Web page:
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Secretary of Labor Thomas E. Perez
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Secretary of Labor Thomas E. Perez

Remarks By
Secretary of Labor Thomas E. Perez,
DOL Salute To Veterans,
Washington, DC,
November 6, 2013

[as prepared for delivery]

Good afternoon everyone and thank you all for coming. It's an honor to join with you today in this celebration and salute to veterans. But I hope and expect that this event will be much more. During the roundtable discussion in particular, there will be a substantive conversation about how we can better connect returning service members with good job opportunities. The focus today should be not just on what veterans have done for us, but what we can do for them.

I want to thank Assistant Secretary Keith Kelly and his entire team at VETS for the outstanding work they do each day to prepare veterans for the workforce, help them find jobs, and protect their employment rights. And I'm pleased that we've been able to bring in outside experts who can lend a fresh perspective to these issues:

  • Sergeant Dakota Meyer, Medal of Honor recipient for his service in Afghanistan — in a few minutes, you'll see a stirring video about his remarkable valor in combat;
  • Former Congressman and Iraq war veteran Patrick Murphy;
  • Eric Eversole, Executive Director of the Hiring our Heroes program at the U.S. Chamber of Commerce Foundation;
  • Jose Serans, a Navy veteran and graduate of the United Association's Veterans in Piping Program;
  • And our own Terry Gerton, who was a career Army officer and now serves as the Deputy Assistant Secretary for Policy at VETS.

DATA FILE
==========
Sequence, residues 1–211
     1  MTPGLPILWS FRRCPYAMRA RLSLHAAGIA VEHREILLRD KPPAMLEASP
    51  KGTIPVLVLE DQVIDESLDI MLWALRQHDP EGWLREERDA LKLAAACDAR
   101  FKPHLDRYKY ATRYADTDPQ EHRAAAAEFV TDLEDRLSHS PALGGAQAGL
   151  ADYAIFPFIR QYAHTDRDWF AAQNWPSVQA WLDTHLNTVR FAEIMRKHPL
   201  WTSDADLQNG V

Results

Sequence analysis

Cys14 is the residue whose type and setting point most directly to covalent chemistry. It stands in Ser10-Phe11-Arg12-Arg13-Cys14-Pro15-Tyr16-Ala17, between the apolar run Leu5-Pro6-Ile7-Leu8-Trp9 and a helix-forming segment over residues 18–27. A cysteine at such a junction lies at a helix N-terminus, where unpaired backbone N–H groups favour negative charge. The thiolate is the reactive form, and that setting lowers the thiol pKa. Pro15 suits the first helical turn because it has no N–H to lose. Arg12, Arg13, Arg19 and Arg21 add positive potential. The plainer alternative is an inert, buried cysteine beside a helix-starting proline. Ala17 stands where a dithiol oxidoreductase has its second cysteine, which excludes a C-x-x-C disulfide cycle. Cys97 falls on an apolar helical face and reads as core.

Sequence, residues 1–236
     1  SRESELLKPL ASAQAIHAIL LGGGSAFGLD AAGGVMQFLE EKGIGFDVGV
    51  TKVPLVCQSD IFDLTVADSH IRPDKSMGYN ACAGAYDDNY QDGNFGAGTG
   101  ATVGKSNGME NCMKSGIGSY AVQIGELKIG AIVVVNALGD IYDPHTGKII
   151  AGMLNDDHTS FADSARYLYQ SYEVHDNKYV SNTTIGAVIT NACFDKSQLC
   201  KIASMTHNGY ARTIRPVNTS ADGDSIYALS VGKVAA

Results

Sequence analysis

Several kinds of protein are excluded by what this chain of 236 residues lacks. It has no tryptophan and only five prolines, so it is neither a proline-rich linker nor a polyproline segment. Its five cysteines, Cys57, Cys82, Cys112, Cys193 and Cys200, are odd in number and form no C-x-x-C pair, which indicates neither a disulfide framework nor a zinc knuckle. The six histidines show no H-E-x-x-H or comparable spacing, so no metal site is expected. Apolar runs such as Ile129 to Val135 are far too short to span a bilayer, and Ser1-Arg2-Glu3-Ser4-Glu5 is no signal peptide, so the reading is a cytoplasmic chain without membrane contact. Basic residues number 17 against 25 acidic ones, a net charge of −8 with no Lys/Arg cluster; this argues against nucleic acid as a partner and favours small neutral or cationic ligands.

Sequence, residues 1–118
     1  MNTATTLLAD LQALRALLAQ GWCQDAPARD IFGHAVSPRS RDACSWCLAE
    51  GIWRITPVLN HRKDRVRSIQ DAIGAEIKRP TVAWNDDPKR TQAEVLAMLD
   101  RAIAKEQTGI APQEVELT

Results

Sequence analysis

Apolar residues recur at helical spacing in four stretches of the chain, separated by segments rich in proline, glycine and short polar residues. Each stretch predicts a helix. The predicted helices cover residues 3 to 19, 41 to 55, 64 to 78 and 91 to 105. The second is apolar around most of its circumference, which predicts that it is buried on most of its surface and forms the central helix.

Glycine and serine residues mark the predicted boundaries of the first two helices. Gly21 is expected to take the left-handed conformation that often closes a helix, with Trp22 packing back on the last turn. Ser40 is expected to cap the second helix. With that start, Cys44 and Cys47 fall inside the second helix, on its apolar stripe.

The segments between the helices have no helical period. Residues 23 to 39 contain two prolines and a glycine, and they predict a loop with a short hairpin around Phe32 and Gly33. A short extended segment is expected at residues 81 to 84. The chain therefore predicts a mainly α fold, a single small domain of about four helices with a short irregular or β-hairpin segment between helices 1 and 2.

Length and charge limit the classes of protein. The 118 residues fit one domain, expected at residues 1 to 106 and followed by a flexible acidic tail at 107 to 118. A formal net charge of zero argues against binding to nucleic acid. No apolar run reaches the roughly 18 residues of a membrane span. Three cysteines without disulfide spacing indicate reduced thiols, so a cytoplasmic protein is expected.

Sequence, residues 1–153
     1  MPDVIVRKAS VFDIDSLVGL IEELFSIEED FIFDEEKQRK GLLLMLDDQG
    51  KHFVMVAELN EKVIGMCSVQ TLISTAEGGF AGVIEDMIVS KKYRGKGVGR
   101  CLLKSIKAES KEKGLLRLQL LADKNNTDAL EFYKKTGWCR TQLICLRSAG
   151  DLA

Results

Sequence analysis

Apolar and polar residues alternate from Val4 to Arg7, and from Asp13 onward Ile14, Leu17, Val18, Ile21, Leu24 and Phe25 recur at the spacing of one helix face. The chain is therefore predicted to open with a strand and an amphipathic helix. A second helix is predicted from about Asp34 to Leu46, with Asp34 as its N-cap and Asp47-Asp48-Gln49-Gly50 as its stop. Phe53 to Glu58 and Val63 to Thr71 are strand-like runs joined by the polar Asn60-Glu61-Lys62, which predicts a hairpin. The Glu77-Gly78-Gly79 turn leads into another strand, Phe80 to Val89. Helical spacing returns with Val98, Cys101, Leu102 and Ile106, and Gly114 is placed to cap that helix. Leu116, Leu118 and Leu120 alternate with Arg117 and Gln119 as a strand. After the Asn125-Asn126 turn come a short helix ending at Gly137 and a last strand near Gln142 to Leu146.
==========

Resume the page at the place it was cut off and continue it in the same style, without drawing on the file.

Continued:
It's a great panel that truly represents the diversity of stakeholders working on these important issues. The watchword here is partnership. This is an all-hands-on-deck effort, with multiple parties uniting around a common mission. Frankly, I wish every issue had this many willing and capable partners coming to the table. The challenge is to harness everyone's contribution, to coordinate it in a way that helps veterans make the transition as seamlessly possible to civilian work.

Here at the Labor Department, we work closely with the Departments of Defense and Veterans Affairs. But to echo Keith's remarks, the federal government certainly can't do it alone. We rely heavily on expert opinions from our private sector partners, like the Chamber of Commerce, which does such great work to help veterans get good jobs. We need the input of labor unions like the one that Jose is representing today. And we can't do it without our Veteran Service Organizations, which do such extraordinary work helping veterans in so many ways.

I grew up around stories of military service and heroism. I had several uncles who served in World War II. My Uncle Hugh would proudly bare his war wounds for you. Like my uncles, my father was born in the Dominican Republic, and he served in the Army even before he was a naturalized citizen. Like so many legal immigrants throughout our history, even before he was able to enjoy the full rights of being an America, he was giving back to the nation through military service.

But my father's connection to veterans and military service continued throughout his life. After leaving the Army, he got a job as a VA doctor, a job that he held until the day he died. So from childhood I had an appreciation, not just for the extraordinary sacrifice of our veterans... but the importance of providing them with quality services when they returned home.

And I've tried to devote my career in public service in part to providing and strengthening those same services. For my father, it was in the health care realm. For me, most recently as Assistant Attorney General for Civil Rights, I worked to safeguard service members right to vote, to protect them from foreclosure and more. And now, as Secretary of Labor I have the opportunity to help veterans find their place in the civilian economy with good jobs. To give just a few examples: